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Monday, February 9, 2009

Some card deals can damage your credit

There are some credit card related deals which take a severe toll on your credit instead of acting for it. These deals are totally enticing for cash-strapped users, who try to make it through the holidays. But these apparently loocrative deals would massively damage user’s credit profile in the long run. Sheryl Garrett, a certified financial planner said, "Consumers need to be aware that all credit isn't good credit and that some credit may get you into worse financial trouble than you're already in." This fact has also been supported by Gail Cunningham, the hon’ble spokesperson for the National Foundation of Credit Counseling (NFCC).
I would like to make you aware of such credit card offers that you should stay away from.

Store Credit Cards
Paying for that pricey cashmere sweater is a lot easier to stomach when you get 10% off just for opening a store credit-card account. Just be prepared to feel a little queasy when you see what that card does to your credit score.
We know well that when a consumer sends application for a credit card, an inquiry on his credit history and on his overall financial condition and capability is carried out. This may slightly lower his credit score, says Paperno. On other hand a consumer's credit utilization is increased by many store credit cards which carry low credit limits. But the biggest demerit of these cards: they charge dangerously high interest rates. For example, A Macy's (M: 10.30, -0.63, -5.76%) credit card bears 22.9% annual percentage rate (APR); in case of making 2 late payments (either consecutive or twice in a six-month period) APR increases upto 24.9%

Variable Interest Rates
Before applying for any variable interest rate card all customers should read the fine print to sense the highest extent the interest rate can increase upto. Each credit card bears a variable interest rate; based on card issuer’s decision, it may rise or fall at any time. A sudden spike in interest rates often makes the consumer unable to pay his full balance amount; this, often, severely acts upon their credit score and credit report. Of course, customers can also find and go for a fixed interest rate card, though this type of cards are not much available. Besides fixed-rate cards have their own drawbacks, like…the Pulaski Bank Visa (V: 55.62, -0.14, -0.25%), for example, offers a 6.50% fixed APR. In case of any missed payment the rate increases upto 22% .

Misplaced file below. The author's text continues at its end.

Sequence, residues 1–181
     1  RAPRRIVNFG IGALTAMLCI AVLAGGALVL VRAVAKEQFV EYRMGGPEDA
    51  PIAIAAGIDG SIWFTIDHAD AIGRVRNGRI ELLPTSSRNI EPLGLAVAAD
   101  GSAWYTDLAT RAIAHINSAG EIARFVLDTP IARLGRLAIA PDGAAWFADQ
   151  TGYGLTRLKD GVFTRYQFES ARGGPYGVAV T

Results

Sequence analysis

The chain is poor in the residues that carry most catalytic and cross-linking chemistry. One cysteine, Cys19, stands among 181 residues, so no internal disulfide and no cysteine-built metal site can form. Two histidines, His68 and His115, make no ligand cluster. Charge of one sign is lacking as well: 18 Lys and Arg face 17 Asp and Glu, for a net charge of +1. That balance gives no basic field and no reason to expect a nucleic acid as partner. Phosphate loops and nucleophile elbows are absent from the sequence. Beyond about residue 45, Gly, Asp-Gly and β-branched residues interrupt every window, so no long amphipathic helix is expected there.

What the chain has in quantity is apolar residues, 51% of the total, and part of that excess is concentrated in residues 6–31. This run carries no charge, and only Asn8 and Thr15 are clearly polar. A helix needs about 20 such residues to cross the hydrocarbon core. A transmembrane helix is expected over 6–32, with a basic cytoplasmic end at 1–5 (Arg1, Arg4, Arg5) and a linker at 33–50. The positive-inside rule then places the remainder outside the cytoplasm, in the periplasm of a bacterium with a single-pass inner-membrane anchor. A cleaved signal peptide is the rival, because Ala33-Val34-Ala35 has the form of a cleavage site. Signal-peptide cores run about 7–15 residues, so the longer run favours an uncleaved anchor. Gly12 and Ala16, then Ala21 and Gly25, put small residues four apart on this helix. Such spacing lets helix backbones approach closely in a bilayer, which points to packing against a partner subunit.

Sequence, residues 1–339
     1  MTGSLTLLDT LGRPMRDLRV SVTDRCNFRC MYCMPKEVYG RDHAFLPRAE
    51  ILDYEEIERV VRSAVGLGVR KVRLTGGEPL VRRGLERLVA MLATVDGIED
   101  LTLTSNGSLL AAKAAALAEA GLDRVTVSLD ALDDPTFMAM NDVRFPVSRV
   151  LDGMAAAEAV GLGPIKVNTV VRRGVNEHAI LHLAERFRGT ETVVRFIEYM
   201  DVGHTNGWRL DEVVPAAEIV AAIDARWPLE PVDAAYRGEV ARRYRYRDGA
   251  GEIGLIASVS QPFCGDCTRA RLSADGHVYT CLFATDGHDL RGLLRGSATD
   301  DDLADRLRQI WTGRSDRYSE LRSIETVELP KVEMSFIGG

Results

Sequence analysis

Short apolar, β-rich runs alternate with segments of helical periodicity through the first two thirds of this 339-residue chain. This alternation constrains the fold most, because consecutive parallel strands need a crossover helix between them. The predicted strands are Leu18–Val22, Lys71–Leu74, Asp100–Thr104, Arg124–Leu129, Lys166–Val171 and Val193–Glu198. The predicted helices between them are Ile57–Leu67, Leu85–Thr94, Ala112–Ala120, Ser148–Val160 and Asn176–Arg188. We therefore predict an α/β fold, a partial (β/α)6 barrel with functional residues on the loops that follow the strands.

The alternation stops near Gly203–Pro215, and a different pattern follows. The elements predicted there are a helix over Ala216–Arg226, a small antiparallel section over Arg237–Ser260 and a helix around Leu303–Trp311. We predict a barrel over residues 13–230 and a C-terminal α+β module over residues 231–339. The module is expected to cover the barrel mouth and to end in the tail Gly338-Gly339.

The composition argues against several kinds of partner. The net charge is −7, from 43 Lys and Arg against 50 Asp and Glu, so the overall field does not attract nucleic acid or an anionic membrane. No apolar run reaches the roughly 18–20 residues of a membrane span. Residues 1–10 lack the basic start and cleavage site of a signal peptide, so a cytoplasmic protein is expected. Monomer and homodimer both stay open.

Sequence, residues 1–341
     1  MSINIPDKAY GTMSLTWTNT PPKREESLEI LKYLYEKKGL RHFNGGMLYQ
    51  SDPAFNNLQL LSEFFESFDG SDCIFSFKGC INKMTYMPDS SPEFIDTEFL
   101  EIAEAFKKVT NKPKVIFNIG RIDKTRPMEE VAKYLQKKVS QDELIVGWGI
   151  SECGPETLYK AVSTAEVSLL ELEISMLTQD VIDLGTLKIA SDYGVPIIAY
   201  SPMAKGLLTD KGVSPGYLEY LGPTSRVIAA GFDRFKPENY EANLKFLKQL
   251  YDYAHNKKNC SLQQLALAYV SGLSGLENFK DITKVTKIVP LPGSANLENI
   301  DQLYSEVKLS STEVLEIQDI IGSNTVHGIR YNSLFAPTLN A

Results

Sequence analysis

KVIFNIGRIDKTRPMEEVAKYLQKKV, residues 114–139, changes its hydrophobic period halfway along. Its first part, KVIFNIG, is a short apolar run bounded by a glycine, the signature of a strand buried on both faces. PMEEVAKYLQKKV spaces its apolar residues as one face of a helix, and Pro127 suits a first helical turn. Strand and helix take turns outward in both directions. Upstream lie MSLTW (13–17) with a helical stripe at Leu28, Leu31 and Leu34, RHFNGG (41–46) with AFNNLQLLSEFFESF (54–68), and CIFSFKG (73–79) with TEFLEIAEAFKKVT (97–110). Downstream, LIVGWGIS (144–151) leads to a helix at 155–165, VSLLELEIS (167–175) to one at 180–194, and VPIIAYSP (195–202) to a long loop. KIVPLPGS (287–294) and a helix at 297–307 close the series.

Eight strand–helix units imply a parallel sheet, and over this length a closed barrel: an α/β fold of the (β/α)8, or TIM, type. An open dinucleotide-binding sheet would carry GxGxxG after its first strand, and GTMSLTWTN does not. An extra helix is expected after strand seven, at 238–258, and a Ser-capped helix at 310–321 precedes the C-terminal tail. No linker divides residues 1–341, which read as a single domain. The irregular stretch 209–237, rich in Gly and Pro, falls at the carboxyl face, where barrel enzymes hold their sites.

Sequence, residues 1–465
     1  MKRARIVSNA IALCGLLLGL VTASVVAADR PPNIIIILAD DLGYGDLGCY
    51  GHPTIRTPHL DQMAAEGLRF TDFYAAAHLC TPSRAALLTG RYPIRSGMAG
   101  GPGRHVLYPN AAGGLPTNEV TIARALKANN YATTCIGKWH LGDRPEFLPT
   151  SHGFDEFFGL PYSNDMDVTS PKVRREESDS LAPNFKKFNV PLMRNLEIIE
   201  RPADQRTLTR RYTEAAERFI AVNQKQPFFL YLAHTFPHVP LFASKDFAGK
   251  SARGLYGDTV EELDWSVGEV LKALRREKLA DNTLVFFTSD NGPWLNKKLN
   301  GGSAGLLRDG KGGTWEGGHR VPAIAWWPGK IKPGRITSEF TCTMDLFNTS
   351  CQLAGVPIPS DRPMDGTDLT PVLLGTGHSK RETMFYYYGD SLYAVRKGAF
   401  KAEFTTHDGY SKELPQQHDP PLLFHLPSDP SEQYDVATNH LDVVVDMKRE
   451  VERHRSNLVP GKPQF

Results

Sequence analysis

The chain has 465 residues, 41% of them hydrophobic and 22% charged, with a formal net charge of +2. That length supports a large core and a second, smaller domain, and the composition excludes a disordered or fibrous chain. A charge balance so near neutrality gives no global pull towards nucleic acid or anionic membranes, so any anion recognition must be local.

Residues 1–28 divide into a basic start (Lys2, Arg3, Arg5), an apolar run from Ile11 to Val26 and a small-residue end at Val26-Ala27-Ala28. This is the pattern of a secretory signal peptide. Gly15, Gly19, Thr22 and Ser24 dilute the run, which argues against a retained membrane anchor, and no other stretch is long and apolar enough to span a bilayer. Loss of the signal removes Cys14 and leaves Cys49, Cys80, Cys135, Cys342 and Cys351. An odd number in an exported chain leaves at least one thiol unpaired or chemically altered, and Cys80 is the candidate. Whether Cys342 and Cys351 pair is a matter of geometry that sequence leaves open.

Balance Transfer
We often receive the 0% card balance transfer checks in our mails which tempts us to use them; but be careful…… the credit card you are transferring the balance to MUST NOT carry a lower credit limit than the one you are transferring the balance from. Otherwise, that transaction would affect your credit utilization rate and thus, reduce your credit score. These kinds of balance transactions may increase your debt too, for these balance transfer deals usually charge fees upto 2% to 4% of the total amount being transferred. So you have to pay around $80 on a balance transfer of $2,000.

Overdraft Reserve Accounts
Most of the banks offer overdraft reserve accounts to the willing checking account customers. There is a positive point of reserve account: it cuts the pesky overdraft fees imposed by all banks. The negative point: account holder has to pay back the balance immediately in case he dips into that account. Otherwise, a blackmark of late payment comes in their credit history which affects their credit score. Your regularity and timeliness of payment making are two most important factors considered for building your FICO scores, a source confirmed. They account for 35% of your total FICO score.


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